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Bacteriological analysis of wheat flour associated with an outbreak of Shiga toxin-producing Escherichia coli O121

Gill, Alexander, Carrillo, Catherine, Hadley, Micaela, Kenwell, Robyn, Chui, Linda
Food microbiology 2019 v.82 pp. 474-481
Shiga toxin-producing Escherichia coli, agar, coliform bacteria, most probable number technique, outbreak investigation, wheat flour, Canada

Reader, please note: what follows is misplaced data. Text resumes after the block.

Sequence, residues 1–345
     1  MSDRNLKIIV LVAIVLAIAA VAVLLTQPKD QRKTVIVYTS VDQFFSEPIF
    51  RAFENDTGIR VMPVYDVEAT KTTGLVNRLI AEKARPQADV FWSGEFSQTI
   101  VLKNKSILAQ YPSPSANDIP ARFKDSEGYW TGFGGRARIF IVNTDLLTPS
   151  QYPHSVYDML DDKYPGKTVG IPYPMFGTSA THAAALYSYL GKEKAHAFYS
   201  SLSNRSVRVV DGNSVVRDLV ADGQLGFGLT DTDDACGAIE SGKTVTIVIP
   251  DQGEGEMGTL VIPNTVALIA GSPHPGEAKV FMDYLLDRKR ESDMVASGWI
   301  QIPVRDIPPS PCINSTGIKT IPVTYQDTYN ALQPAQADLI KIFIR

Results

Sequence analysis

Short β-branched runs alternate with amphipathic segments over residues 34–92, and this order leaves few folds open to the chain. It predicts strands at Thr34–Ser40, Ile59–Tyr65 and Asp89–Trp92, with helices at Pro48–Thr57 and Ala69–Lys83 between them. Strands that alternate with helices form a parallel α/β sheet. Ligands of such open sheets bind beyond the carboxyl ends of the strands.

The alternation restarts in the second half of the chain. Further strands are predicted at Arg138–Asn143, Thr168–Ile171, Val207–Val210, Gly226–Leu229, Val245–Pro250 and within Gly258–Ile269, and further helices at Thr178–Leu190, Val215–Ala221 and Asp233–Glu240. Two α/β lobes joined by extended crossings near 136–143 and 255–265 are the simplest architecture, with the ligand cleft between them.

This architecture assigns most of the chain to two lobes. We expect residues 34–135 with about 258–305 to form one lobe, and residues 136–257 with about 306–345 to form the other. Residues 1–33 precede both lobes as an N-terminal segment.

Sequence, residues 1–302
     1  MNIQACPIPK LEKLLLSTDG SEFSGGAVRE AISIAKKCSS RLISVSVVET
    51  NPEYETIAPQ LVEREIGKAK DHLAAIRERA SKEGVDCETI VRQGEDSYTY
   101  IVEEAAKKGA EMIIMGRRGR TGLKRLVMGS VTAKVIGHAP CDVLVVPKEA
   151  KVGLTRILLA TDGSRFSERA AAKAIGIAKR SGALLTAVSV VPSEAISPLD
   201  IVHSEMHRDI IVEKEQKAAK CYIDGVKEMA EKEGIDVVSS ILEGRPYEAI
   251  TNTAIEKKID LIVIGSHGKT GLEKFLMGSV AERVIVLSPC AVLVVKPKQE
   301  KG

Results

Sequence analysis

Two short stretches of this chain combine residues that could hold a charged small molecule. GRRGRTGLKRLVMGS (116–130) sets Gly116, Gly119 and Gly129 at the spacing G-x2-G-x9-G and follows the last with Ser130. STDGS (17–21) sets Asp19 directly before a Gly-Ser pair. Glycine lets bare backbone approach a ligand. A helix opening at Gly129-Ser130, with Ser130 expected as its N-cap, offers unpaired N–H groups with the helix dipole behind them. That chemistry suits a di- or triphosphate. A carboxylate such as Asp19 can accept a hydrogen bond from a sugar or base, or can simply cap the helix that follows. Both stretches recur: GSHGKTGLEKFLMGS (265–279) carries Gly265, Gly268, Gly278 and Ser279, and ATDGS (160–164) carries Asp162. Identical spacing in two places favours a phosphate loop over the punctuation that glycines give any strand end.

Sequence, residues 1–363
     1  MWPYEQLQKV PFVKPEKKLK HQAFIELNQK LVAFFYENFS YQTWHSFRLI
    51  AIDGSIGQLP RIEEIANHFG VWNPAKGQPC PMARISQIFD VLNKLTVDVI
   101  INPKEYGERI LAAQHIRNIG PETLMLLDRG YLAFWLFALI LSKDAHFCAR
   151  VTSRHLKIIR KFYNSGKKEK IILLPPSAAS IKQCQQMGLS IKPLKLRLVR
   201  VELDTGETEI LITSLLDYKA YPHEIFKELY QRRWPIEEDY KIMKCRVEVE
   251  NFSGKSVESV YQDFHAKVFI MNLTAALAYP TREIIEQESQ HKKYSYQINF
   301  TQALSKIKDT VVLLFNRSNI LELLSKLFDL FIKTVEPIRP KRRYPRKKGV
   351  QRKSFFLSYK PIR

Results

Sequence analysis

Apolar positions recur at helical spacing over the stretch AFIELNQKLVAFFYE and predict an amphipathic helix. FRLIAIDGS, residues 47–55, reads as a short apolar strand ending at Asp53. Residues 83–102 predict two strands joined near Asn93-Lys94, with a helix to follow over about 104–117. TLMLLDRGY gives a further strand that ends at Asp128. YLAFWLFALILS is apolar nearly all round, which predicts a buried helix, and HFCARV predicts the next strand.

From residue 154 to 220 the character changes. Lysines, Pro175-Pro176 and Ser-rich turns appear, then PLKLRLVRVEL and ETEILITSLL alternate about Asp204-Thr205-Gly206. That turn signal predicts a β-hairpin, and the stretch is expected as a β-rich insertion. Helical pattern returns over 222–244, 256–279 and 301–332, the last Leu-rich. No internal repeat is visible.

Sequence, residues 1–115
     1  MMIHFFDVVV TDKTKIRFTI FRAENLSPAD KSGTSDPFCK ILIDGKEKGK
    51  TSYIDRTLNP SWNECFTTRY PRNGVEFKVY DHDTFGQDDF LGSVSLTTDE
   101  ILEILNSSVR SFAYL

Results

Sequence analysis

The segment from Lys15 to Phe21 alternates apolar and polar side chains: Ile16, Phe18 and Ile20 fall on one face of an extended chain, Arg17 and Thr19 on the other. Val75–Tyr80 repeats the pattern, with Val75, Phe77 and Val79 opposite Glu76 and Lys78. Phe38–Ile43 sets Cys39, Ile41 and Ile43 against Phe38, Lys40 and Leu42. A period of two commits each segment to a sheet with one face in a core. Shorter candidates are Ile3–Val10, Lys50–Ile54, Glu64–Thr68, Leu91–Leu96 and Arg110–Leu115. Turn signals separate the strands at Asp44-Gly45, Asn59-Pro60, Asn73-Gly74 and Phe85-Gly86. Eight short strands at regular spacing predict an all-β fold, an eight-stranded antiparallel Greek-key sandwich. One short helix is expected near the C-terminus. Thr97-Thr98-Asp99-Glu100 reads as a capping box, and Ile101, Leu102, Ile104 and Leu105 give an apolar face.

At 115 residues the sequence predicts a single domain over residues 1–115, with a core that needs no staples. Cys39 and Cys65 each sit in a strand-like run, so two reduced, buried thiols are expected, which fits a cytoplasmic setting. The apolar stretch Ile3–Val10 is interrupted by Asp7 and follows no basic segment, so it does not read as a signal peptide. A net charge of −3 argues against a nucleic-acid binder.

A 2016/2017 outbreak of Shiga toxin-producing Escherichia coli (STEC) O121 in Canada, was linked to wheat flour, milled at a single facility on three consecutive days in October 2016. Most Probable Number (MPN) estimates of the concentration of STEC O121 in the recalled flour were made using the results of qualitative testing conducted during the outbreak investigation and from analysis of 5 × 2.5 g, 5 × 25 g and 5 × 100 g analytical units of the recalled flour. The STEC O121 levels were estimated at 0.15 to 0.43 MPN/100 g, with no significant difference between production days and the two MPN estimates. The microbiota of the recalled flour, and eight retail flour samples, was enumerated by aerobic colony count, MacConkey agar and E. coli/Coliform petrifilm. The composition of the microbiota to a genus level was determined by identifying individual colonies with a Bruker Biotyper. All retail flour samples were negative for STEC in 5 × 100 g analytical units. There was no evidence of higher levels of organisms associated with fecal contamination in the recalled flour. The low levels of STEC O121 in the recalled flour indicate that a robust sampling plan, with multiple analytical units for a total of several hundred grams, may be required to reliably detect STEC in flour at levels observed in this outbreak.